The Fayetteville (NC)
on Friday, February 01, 2008
Cold War figure dies
By Corey G. Johnson Staff
former soldier who trained Cubans to fight against Fidel
Castro and had
been a central figure in assassination probes of John F.
Martin Luther King Jr. died this week in Fayetteville,
Gerald Patrick Hemming, 70,
his sleep at his Haymount Manor apartment, his daughter,
Roderick, said Thursday.
An exact date and cause of
still being determined. Mr. Hemming will be buried with
at 2 p.m. Monday in Sandhills State Veterans Cemetery.
"My father was a Cold War
fighter," Kristi Hemming said. "He put country first, which
wasn't around as much as we like, but that's OK, we loved
Born March 1, 1937, in Los
Angeles, Mr. Hemming joined the Marines in
1954. Four years later, he
Marines to go to Cuba, where he fought side-by-side with
to overthrow then president Fulgencio Batista in 1959.
"A lot of people don't
initially we supported Castro," said Mr. Hemming's wife,
Hemming. Patricia and Kristi Hemming live in Fayetteville.
Shortly after Castro assumed
Mr. Hemming discovered the Cuban leader secretly working
Soviet Union. He felt betrayed.
"He didn't know nuclear
warheads were being pumped into Cuba," his wife said. "When
he found out, he tried his best to stop it."
Castro learned of Mr.
to organize an uprising and threw him and his friends in
Hemming said. Sometime later, Mr. Hemming was able to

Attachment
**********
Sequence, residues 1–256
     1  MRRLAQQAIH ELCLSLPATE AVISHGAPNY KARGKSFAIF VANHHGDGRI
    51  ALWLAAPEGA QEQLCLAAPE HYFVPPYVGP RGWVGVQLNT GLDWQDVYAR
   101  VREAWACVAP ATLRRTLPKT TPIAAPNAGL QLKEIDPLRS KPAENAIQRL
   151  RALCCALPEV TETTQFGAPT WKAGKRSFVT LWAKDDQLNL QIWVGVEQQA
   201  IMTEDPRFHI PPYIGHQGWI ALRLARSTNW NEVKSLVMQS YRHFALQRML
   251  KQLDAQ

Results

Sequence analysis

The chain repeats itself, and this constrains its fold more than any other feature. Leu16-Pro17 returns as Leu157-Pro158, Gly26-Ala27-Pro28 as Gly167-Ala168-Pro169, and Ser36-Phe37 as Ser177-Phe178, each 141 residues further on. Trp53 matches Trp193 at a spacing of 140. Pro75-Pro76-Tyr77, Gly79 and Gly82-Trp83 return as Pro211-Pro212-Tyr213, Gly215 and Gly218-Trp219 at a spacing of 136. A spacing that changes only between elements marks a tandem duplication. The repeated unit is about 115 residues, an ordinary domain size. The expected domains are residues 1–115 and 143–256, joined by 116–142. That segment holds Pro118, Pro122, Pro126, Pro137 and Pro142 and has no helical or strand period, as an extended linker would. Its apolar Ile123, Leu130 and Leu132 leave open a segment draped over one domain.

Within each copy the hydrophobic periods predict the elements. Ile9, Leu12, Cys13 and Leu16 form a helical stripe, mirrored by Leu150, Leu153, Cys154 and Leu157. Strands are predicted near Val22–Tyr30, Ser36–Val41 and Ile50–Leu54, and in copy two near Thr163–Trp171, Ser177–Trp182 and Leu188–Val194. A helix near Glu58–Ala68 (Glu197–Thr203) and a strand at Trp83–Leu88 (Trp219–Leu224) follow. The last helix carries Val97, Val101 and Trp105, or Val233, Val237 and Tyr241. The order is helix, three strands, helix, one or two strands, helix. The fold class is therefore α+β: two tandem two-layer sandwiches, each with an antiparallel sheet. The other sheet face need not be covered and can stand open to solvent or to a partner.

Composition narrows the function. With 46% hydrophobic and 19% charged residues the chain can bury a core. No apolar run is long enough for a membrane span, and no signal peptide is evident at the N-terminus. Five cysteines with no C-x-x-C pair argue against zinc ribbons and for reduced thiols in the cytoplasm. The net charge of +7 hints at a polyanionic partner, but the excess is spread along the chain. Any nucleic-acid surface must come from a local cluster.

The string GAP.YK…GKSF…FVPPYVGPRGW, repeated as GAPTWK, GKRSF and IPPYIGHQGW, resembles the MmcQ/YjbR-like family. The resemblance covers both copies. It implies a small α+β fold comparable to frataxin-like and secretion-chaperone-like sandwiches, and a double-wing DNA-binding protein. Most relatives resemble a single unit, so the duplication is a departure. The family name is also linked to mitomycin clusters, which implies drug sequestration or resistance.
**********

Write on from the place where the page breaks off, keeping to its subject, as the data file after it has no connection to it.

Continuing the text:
escape. Many of
his fellow insurgents weren't as lucky.
"My father named my brother
Vidal Santiago, in honor of Felipe Vidal, who was executed,"
Hemming said. Vidal was a Cuban naval officer who went into
Castro gained power.
Mr. Hemming returned to the
States and settled in Miami, where he gradually became a
fixture in the
anti-Castro community. At the time, the CIA - operating out
non-descript office on the campus of the University of Miami
heavily recruiting Cubans for a secret offensive against
according to congressional records.
Mr. Hemming was also
training Cubans to fight in his organization, called the
Intercontinental Penetration Force (Interpen), the records
people alleged that Mr. Hemming was working with the CIA
His wife and daughter deny
"If he did, where were the
checks?" Patricia Hemming said. "We scraped and struggled
all of our life."
After President Kennedy was
assassinated in 1963, the FBI questioned Mr. Hemming as a
Investigators dropped the inquiry once they learned he was
taking care of his pregnant wife, Patricia Hemming said.
But in the 1970s,
investigators questioned Mr. Hemming again after he revealed
met Lee Harvey Oswald years before the assassination.
FBI files show that Mr.
Hemming told agents in March 1968 that someone had offered
to pay him to kill King.
Patricia Hemming said her
began to fervently research both assassinations, in part to
get to the
truth and in part to clear his name.
"Those accusations were like
a cloud that he wanted to get rid of," she said.
As part of that effort, Mr.
spoke out at assassination-related conferences. He is also
listed as a
technical adviser on Oliver Stone's film J.F.K.
But he got his most joy in
his humanitarian work, Kristie Hemming said.
In the 1970s, Mr. Hemming
group of doctors and Special Forces veterans for a rescue
Peru after an earthquake hit.
And he led a rescue mission
into Honduras after a Hurricane flooded an entire area,
family members said.
He moved from Florida to
in the 1990s because he wanted to be near the Veterans
Center and old buddies.
"He wasn't driven by money or
the world," Patricia Hemming said. "Honor was his most
Staff writer Corey G. Johnson
can be reached at firstname.lastname@example.org or
323-4848, ext. 487 Copyright
2008 - The Fayetteville (NC) Observer